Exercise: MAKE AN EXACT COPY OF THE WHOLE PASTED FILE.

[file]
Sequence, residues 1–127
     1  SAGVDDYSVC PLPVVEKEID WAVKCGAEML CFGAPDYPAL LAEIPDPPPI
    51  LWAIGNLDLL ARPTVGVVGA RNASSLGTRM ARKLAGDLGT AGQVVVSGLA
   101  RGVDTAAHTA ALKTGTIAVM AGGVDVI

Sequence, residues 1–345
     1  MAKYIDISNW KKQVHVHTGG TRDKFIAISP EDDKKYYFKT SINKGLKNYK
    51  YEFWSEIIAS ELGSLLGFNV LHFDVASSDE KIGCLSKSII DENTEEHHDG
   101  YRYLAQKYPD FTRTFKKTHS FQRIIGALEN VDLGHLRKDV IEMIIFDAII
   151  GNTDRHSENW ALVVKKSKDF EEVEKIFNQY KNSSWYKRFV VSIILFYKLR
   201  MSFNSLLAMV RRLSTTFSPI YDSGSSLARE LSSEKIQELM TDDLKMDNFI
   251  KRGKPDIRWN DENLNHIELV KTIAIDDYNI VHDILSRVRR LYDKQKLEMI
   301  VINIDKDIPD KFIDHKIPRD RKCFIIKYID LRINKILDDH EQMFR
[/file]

Sequence, residues 1–127
     1  SAGVDDYSVC PLPVVEKEID WAVKCGAEML CFGAPDYPAL LAEIPDPPPI
    51  LWAIGNLDLL ARPTVGVVGA RNASSLGTRM ARKLAGDLGT AGQVVVSGLA
   101  RGVDTAAHTA ALKTGTIAVM AGGVDVI

Sequence, residues 1–345
     1  MAKYIDISNW KKQVHVHTGG TRDKFIAISP EDDKKYYFKT SINKGLKNYK
    51  YEFWSEIIAS ELGSLLGFNV LHFDVASSDE KIGCLSKSII DENTEEHHDG
   101  YRYLAQKYPD FTRTFKKTHS FQRIIGALEN VDLGHLRKDV IEMIIFDAII
   151  GNTDRHSENW ALVVKKSKDF EEVEKIFNQY KNSSWYKRFV VSIILFYKLR
   201  MSFNSLLAMV RRLSTTFSPI YDSGSSLARE LSSEKIQELM TDDLKMDNFI
   251  KRGKPDIRWN DENLNHIELV KTIAIDDYNI VHDILSRVRR LYDKQKLEMI
   301  VINIDKDIPD KFIDHKIPRD RKCFIIKYID LRINKILDDH EQMFR